Next up in my 16-Point Check project was this beauty (well, I could do without the band, but the Tiger’s Eye dial was pretty nice). I lucked out with this one in that besides being dirty and having an irregular beat, there wasn’t really anything wrong with the watch. Well, at least until I pulled the movement out of the watch.
So, I was a bit thrown off. The bridge over the cannon pinion? Not something you see all the time, but not too unusual. You see the little lever that is at the left? I was confused. I pulled and pushed on the crown a bit to watch if it interacted with anything and saw that it was moving a little wheel. I went ahead and stripped off the set lever bridge to get a better view.
It was some kind of jumping mechanism, but I couldn’t, for the life of me, figure out what it was for. There wasn’t anything on the top plate that it attached to (which makes sense because the wheel the lever interacted with wasn’t long enough to interact with anything), but clearly the arm that was coming off of the set-lever interacted with the wheel when the crown was pulled out a bit further past the setting position. My mind went two places: some kind of proto-hacking seconds feature (some watches, when the crown gets pulled out to the setting position, the second hand stops-it’s referred to as a hacking mechanism), or perhaps something to do with a calendar function. I went ahead and continued on with the tear-down and decided I would ask Mr. Poye about it later.
Ignoring the fact that the bridge was magically put back on from the last picture, I want to draw your attention to another feature of the watch that struck me as odd. The cannon pinion itself wasn’t friction fit like most cannon pinions, plus it had a wheel that was held down by the bridge as well as in place with a spring (the spring should be under the wheel, not half under/over). That wheel interacts with the pinion of the center wheel.
I did have a small issue when I was working on the watch. The shock spring on the bottom plate gave me a heck of a time. The first time I went to open it, it came unhooked and bent, so Mr. Poye had to replace it. The second time I tried to work with it (after I was ready to redo the oiling on it), the spring came out again. What was odd to me was the shock springs were the same for the upper and lower jewel and I had no issue removing the upper jewel (and followed the same procedure for both, it’s just that the lower spring setting decided to be annoying).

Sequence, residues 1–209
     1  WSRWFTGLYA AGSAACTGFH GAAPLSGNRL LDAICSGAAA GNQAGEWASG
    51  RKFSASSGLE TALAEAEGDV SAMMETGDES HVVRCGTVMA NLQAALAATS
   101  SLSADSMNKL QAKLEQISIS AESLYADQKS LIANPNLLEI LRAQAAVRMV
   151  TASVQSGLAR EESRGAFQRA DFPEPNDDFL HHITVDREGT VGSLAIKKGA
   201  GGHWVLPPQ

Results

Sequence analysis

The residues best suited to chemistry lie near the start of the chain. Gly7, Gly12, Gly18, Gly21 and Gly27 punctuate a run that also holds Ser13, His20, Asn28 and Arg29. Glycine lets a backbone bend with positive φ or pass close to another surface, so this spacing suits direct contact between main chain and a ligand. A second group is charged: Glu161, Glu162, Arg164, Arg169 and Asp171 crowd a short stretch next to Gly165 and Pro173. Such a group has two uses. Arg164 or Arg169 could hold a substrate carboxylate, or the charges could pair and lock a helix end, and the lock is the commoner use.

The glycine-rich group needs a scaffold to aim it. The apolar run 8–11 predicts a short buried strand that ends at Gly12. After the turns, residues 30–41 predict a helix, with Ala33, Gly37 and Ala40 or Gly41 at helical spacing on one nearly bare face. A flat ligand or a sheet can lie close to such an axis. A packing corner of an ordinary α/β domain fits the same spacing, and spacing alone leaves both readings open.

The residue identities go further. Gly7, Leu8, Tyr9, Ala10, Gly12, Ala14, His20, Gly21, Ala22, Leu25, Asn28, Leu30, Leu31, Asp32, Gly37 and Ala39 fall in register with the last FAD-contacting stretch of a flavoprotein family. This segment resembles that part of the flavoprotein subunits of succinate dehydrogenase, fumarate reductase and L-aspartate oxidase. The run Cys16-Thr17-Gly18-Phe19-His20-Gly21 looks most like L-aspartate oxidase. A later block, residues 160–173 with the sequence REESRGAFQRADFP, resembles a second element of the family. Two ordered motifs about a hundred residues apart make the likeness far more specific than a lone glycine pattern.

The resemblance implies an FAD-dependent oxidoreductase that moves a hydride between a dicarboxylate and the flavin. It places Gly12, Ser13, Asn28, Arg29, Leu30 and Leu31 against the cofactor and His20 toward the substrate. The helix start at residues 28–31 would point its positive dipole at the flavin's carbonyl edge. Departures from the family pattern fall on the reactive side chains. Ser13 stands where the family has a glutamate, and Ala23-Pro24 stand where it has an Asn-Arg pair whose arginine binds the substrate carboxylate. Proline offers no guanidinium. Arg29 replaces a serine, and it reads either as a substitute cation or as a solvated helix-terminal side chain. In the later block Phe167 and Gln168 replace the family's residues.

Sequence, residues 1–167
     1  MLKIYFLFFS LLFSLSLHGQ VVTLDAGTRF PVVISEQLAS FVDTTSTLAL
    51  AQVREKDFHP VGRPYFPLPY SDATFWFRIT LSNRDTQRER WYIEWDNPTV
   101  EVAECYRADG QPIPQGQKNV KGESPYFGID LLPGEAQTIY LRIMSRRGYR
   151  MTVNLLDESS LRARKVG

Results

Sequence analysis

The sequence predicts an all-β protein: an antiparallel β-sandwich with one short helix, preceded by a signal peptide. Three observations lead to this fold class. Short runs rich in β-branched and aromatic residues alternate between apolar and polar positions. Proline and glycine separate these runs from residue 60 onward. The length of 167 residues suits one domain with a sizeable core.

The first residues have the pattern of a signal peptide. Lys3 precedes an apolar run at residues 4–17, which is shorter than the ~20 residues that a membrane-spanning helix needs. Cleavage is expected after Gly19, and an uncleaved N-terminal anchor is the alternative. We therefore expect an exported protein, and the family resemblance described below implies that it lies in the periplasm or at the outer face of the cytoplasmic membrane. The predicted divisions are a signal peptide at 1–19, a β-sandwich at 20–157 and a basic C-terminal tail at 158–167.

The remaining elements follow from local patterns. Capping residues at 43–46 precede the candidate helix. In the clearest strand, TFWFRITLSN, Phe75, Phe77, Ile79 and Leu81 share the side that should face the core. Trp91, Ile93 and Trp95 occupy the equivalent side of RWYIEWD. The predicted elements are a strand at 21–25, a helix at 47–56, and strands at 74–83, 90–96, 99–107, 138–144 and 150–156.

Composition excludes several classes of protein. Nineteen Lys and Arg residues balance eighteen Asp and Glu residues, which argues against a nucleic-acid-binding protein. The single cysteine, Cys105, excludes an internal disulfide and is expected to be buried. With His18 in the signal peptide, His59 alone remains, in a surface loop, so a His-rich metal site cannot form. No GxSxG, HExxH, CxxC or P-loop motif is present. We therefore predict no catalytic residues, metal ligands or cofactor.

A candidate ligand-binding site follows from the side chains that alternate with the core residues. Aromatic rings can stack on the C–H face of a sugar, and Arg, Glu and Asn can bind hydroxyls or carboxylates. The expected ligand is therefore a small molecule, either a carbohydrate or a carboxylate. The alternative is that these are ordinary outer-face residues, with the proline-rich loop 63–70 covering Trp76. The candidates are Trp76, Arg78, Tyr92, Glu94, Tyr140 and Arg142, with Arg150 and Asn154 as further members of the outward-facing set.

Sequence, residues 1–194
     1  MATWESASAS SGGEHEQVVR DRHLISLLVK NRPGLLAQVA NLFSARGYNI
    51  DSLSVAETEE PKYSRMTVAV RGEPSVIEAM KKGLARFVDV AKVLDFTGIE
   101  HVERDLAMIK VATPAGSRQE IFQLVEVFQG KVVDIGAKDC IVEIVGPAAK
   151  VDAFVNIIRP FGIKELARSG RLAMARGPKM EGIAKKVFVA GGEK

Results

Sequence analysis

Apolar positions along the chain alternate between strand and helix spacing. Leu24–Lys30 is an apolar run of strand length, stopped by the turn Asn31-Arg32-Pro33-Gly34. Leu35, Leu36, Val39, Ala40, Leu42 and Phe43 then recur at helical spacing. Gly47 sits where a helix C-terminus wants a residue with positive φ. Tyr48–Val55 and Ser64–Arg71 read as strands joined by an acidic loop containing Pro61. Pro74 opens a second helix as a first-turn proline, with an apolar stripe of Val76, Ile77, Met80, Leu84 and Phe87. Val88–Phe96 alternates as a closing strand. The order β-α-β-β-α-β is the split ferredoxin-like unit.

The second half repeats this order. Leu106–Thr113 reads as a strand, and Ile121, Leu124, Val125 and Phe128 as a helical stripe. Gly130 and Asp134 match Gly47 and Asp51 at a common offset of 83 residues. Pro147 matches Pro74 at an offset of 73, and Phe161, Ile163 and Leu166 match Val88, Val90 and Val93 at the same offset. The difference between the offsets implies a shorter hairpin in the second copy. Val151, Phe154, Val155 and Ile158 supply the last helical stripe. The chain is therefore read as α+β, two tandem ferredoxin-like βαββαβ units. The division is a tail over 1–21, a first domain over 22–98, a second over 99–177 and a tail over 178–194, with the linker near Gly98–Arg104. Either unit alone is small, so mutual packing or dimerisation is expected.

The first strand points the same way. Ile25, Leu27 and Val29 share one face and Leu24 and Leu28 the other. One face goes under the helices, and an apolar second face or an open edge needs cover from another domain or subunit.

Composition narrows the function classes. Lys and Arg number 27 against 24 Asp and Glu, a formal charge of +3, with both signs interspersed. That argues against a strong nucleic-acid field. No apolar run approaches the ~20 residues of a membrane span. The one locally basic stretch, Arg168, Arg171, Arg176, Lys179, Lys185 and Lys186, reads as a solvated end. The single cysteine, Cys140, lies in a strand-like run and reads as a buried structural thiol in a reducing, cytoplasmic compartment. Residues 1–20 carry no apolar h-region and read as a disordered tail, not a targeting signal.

After running the timing tape, I took it up to Mr. Poye to get a suggestion as to why it was looking kind of weird, and he asked me if I had oiled the cannon pinion. I had told him that I hadn’t because I had yet to put it on. It was at that point that he explained to me that the watch I was working on had what was considered an off-center cannon pinion/center-wheel. I didn’t take a picture of the wheels, but I was able to find a tech guide online, so here is a picture from it
As you can see, the center wheel has a cannon pinion that sits on the center wheel. It is friction fit on the wheel, but it needs to be oiled. Mr. Poye showed me how to separate it and he used some D5 lubrication, which when I asked if it was a grease or an oil, he replied “yes.” It is a thick oil or thin grease that can handle different conditions. I also took the time to talk with Mr. Poye about the weird part that was on the movement and he let me know that the movement was able to take a couple extra parts and have a calendar function added to it. That makes sense because there looked like there were a couple “empty” spots on the bottom plate that looked like they could have some parts that I’ve seen in calendar watches. After my mini-lesson and the oiling that Mr. Poye did on my cannon pinion, I went ahead and re-timed the watch and was very pleased with the results:
Prior Entries in the 16-Point Check Project
- Baylor Watch/Standard-1686
- Hamilton 780
- Lord Elgin
- Benrus DR-25 (ETA-2370)
- Seiko 11 A
- 16-Point Check 2
- Introduction to the 16-Point Check